19d     Bivouac, protected by river, offers an easing of tension (7)
DETENTE : A bivouac made of fabric is inside a river in the UK, you can take your pick from several with this name.

21d     Takes a firm stand with first son found supporting short measures (7)
INSISTS : These short measures are about 25 mm, then ‘first’ written as three letters, finally the abbreviation for son.

22d     Religious office of band completely disheartened (6)
ABBACY : A famous Swedish band of the seventies is followed by the first and last letter of completely.

23d     Find grub, oddly in sink (3,2)
DIG UP : A word for a sink or depression surrounds the first and third letters of grub.

25d     A charge for crossing island (5)
ATOLL : A from the clue and a payment you might make for using a road or bridge.

Our favourite today is 5d where we initially wasted time trying to put a tinsmith there.

Quickie pun    cores   +   ticks   +   odour   =   caustic soda

95 comments on “DT 28021

  1. 3*/4*. A nicely challenging and very enjoyable puzzle, as we have come to expect on a Wednesday. The SW corner took most time. Too many good clues to try to select a single favourite.

    Many thanks to Jay and the 2Ks.

  2. Looking forward to the weekend. I get to London around 6pm Friday, is anyone else around Friday night?

    Lots to enjoy today. I liked the conservationists with moral turpitude (18a), “wearing uniform” (7d) the science associated with metal (8d), the end of religious schism (29a) and more. I did think “subtle” spoilt the surface a little in 2d. I liked 24a for the definition, that was my last one in.

    Many thanks 2Kiwis and Jay

  3. Wow, I agree with the 2 Ks. This was certainly **** for difficulty but also **** for enjoyment. I looked at a blank puzzle for sometime but after a while did manage a couple of bung-ins and then gradually things did began to dawn so that I just beat the 2Ks hints to it. Top half presented fewer problems than the South. 5d is new to me. Joint Favs (while the cat’s away!) were 8d and 14d. Liked illustration to 4d hint – a fabric from which I made curtains for a weekend cottage decades ago and visited there recently to see same curtains still there! Thanks Mysteron and the 2 Ks. :good:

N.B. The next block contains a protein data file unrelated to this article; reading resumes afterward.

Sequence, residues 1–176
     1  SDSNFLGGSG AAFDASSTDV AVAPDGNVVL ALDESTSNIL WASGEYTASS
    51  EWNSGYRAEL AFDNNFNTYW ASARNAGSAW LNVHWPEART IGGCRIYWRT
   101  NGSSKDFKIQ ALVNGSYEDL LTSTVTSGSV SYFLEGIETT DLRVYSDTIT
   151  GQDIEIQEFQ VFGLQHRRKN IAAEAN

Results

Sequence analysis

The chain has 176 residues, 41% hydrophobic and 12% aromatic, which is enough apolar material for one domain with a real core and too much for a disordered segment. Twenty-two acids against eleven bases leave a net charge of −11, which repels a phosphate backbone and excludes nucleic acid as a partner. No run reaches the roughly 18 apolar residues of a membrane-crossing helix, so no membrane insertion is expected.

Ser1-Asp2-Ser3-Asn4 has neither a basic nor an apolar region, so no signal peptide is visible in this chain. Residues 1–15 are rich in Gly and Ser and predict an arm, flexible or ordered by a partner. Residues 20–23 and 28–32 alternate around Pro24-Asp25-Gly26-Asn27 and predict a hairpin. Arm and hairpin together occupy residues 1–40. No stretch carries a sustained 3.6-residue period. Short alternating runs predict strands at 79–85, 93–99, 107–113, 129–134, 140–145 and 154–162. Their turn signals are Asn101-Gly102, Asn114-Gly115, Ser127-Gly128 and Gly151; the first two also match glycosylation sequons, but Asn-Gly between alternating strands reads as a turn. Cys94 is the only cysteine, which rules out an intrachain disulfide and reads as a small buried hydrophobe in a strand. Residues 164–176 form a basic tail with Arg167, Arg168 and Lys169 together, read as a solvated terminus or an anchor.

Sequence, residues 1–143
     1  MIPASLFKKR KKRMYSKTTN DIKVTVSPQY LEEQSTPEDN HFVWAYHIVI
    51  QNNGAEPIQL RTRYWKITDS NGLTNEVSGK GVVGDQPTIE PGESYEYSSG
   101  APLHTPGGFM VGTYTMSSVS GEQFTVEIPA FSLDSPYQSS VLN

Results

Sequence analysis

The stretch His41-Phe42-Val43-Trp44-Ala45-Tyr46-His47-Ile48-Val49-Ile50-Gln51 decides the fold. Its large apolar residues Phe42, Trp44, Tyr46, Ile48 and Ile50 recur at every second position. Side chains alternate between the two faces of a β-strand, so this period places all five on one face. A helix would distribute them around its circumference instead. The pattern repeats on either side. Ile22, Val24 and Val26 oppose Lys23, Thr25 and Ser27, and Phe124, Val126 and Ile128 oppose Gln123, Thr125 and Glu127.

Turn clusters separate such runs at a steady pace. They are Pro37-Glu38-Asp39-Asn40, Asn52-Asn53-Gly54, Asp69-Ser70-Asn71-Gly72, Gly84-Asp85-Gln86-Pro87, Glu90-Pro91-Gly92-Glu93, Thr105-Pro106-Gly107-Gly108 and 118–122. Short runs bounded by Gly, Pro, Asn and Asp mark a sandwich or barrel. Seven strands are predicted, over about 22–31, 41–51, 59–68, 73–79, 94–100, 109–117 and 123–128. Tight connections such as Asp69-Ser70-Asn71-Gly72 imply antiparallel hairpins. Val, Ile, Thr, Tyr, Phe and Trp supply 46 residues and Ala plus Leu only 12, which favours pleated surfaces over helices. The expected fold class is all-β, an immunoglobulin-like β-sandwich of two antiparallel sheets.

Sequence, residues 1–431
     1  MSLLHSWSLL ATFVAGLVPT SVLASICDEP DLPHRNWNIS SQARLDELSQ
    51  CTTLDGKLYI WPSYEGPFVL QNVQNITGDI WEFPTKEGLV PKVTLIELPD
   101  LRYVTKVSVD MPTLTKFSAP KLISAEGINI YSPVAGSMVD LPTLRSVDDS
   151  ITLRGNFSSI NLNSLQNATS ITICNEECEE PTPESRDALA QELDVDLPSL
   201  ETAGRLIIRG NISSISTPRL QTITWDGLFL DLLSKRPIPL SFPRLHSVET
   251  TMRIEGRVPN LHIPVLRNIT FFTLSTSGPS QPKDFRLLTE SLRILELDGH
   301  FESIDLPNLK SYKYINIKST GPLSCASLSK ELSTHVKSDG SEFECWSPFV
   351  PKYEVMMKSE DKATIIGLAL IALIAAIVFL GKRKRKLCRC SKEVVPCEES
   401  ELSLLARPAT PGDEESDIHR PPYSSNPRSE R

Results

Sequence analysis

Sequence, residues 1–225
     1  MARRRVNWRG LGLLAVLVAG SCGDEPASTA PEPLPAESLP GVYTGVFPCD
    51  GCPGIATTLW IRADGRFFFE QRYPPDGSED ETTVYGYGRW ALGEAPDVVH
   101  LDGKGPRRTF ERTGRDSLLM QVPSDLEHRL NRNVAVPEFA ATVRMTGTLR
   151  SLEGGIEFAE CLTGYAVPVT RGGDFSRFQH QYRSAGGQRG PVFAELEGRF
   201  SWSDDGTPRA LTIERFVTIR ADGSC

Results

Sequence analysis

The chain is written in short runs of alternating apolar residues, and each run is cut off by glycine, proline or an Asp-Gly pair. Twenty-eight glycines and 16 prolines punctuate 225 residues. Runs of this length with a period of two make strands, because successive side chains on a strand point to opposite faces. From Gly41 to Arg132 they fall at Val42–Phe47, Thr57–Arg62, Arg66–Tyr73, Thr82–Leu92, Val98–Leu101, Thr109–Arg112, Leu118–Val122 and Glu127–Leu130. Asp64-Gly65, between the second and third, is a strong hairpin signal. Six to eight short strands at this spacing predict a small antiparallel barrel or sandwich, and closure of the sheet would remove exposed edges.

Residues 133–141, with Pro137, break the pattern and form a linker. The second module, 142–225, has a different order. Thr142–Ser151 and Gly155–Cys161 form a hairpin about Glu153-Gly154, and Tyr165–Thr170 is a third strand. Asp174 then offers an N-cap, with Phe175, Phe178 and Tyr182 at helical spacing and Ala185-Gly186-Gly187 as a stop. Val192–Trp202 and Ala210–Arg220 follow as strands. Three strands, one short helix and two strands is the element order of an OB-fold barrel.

4. I found this one quite a hard slog this morning. Despite that I enjoyed the tussle. Fav 5d, took some working out. ***/**** . Thanks to Jay and to 2Kiwis for the Hints

  5. What a stinker settled down, put it down took dogs out got soaked and windblown.
    Picked it up again last one in 22d. Much struggling and scratching of head.
    Still after all that satisfaction in completion. Many thanks to 2 Kiwis and Jay. Going for a lie down in darkened room.

  6. I’d agree with the trickier than usual for a Jay rating – thank you to him

    Thanks to the 2Ks for the review – I could be slightly biased when I say what a fine choice for the picture for 4a

    Peta might like to have a quick peep at the Toughie once she and mum have done the backpager. ;)

  7. Oh dear I have been moderated out – probably something to do with name/email address which I am still having to fill in most times. Might try again later. :???:

    1. Keep on coming back, Ken. Let us all know how you get on, and don’t be embarrassed – we’ve all been there!

      I agree with 2Ks that this was on the stiff side for a midweek Jay, but my watch says it is (just) 2* for difficulty. 4* for enjoyment, though, and I particularly enjoyed 24a and 14d.

      Thanks to Jay, and to the antipodean twosome.

  8. Out of kilter with the rest of you again.
    I found it OK, except for that dreaded thing at 8d and also 10a. I needed the hints for those two, so many thanks to the 2kiwis!

    It’s very windy here so I’m staying in, worrying about my allotment shed (again).

  9. We really enjoyed today’s puzzle from Jay particularly because we had to get our thinking caps on.
    Thanks to the 2 K’s for the review…***/****

  10. I started off at a brisk pace and thought it was all going to be R and W. But the NE corner held me up for a time. Favourite was 8d – my LOI.

    Thanks to setter and 2Ks. Is Brian still hiding behind the sofa?

  11. Is lurgY in the BRB?
    I’ve always thought of it as lurgi

    A lot of bung ins for me today. Really needed the hints for the unravelling.

    Thanks to the Two Kiwis and to the setter.

    1. Chambers 12th Edition:

      lurgy or lurgi n a non-specific disease. [Popularised by BBC Radio’s The Goon Show (1949-1960)]

      1. If you wish to update your dictionary, or purchase a BRB – get the 12th Edition as the 13th Edition has so many faults.

          1. Thanks, BD – I shall print that out forthwith. I wouldn’t mind betting that’s the list that some of our setters (mentioning no names) will be using on a regular basis!